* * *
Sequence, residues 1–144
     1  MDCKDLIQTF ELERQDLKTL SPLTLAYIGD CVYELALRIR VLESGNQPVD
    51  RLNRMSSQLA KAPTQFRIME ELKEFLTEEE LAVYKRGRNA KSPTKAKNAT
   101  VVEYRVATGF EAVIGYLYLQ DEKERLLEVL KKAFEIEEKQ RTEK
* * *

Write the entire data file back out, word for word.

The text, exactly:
Sequence, residues 1–144
     1  MDCKDLIQTF ELERQDLKTL SPLTLAYIGD CVYELALRIR VLESGNQPVD
    51  RLNRMSSQLA KAPTQFRIME ELKEFLTEEE LAVYKRGRNA KSPTKAKNAT
   101  VVEYRVATGF EAVIGYLYLQ DEKERLLEVL KKAFEIEEKQ RTEK